Starring: Matthew McConaughey, Anne Hathaway, Michael Caine, Jessica Chastain, Casey Affleck, Matt Damon, Wes Bentley, John Lithgow, David Gyasi, Mackenzie Foy
Directed by: Christopher Nolan
Synopsis: A team of explorers travel through a wormhole in an attempt to find a potentially habitable planet that will sustain humanity.
Wow. Wow wow wow. Christopher Nolan is incapable of making a bad film. OK, so Interstellar has flaws. Blah, blah, blah. Who cares when the film as a whole is so visually spectaular and inspires such a sense of awe. I mean, this is what cinema was invented for. Moments like this, and Gravity and the first time you saw Avatar in 3D. Yes, the films in question aren’t the best films ever made on a story telling or dialogue point of view, but for sheer jaw dropping visual scope they take some beating.
After Gravity it was going to take something special to make space seem as real and vast. Nolan just may have pulled it off with Interstellar, whilst also adding more of a plot aswell. Sure, the story may not be to everyone’s taste and the science is apparently questionable (went over my head to be fair) but who really cares? We are watching a film here. A piece of fiction that is supposed to excite and thrill, and you can’t say it didn’t do that well.
The film is set in the not too distant future, the earth ravaged by droughts and famine. Matthew McConaughey (the career revival shows no signs of slowing down) plays an astronaut turned farmer, trying to look after his kids. With the prospect that humans will become extinct, scientists headed by Michael Caine have found a worm hole which could lead to new planets where mankind can start a fresh. McConaughey, as you would guess, is tasked to lead a team to find a suitable planet.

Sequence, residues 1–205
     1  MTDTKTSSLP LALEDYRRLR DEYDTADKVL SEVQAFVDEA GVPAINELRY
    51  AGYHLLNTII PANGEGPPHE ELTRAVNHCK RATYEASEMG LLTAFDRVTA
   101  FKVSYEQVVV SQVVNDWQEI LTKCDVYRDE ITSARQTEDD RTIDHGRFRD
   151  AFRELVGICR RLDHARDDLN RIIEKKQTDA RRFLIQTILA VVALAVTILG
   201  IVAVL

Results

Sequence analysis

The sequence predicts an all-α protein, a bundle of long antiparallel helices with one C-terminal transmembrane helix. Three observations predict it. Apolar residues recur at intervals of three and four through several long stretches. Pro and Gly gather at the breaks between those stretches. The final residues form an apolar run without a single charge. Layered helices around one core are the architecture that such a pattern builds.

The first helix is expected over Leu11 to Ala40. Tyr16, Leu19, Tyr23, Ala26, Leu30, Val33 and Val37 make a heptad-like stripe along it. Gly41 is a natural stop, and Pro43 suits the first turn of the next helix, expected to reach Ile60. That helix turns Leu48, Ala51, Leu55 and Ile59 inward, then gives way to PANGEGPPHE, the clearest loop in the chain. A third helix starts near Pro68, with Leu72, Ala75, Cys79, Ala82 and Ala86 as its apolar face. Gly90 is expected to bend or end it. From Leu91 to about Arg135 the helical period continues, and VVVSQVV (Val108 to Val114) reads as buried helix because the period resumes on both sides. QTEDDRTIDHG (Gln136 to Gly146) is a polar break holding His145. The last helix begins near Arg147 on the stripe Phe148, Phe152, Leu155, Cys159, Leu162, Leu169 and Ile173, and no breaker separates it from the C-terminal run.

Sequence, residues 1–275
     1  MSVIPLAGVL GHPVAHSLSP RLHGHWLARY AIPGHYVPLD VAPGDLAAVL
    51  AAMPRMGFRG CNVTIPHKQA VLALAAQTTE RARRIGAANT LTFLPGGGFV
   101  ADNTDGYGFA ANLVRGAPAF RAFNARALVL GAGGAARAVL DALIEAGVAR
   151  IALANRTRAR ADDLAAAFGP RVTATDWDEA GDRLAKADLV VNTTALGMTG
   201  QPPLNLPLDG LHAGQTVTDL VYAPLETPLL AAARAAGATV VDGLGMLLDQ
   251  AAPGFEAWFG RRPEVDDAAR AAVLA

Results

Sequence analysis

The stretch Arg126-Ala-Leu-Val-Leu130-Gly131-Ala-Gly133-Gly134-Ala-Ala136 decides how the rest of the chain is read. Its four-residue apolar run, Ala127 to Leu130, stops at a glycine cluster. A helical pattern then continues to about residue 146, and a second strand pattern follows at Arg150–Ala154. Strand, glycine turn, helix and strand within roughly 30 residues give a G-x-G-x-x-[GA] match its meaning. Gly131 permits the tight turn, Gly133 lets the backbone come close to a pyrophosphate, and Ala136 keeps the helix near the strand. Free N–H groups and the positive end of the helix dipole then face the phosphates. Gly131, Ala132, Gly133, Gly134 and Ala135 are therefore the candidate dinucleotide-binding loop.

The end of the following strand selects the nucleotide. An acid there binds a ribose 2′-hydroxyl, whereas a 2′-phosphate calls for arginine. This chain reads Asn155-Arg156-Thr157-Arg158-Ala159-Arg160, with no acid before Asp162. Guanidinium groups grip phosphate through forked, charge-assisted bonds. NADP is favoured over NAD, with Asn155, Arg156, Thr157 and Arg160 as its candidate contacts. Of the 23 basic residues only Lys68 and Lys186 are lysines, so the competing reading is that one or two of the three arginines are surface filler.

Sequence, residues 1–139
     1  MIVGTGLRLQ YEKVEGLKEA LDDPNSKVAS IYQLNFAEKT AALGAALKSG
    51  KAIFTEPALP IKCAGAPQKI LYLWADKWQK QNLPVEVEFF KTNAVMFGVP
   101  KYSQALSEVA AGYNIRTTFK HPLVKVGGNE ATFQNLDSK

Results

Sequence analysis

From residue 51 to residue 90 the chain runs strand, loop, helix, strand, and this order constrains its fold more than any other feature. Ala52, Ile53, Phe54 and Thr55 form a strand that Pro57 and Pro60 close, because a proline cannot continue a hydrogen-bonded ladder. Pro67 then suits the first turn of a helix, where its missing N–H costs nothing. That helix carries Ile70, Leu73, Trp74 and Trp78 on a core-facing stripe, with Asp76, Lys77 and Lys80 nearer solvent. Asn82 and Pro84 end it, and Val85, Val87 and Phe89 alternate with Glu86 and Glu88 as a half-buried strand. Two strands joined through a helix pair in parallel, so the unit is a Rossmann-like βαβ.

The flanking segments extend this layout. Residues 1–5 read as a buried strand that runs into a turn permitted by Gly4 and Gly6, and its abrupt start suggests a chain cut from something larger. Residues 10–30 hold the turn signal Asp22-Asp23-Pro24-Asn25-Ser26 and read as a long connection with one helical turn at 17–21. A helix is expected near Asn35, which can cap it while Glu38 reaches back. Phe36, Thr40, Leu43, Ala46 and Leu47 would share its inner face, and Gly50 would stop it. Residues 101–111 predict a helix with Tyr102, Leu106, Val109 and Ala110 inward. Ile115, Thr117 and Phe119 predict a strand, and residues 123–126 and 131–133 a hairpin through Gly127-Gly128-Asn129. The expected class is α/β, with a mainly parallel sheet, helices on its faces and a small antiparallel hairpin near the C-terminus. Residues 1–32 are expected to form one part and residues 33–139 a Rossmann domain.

The actors are all top notch from McConaughey and Hathaway right down to young Mackenzie Foy as McConaughey’s daughter. But the real star of the show is, as usual with a Nolan film, the visuals. Space and it’s planets are unbelievable. One scene where the spaceship floats past Saturn, as a tiny little speck, just has to be seen to be believed. It is true cinema.
The film has been accused of being too saccharine with the whole father/daughter stuff, but I disagree. Maybe having children myself it appealed to my parental side, but some of the plots about timeshifts etc were truly heartbreaking and had me holding back the tears.
Personally my only critiscism of the film was the last twenty minutes which didn’t hold up as well as the rest of the film. Obviously I’m not going to give anything away, but those twenty minutes meant I couldn’t give the film the full five star’s the previous two and half hours richly deserved.
Nonetheless Interstellar is a film, more than any other perhaps, that demands to be seen on the biggest screen possible. A true feat for cinema, and full marks to Chris Nolan once again.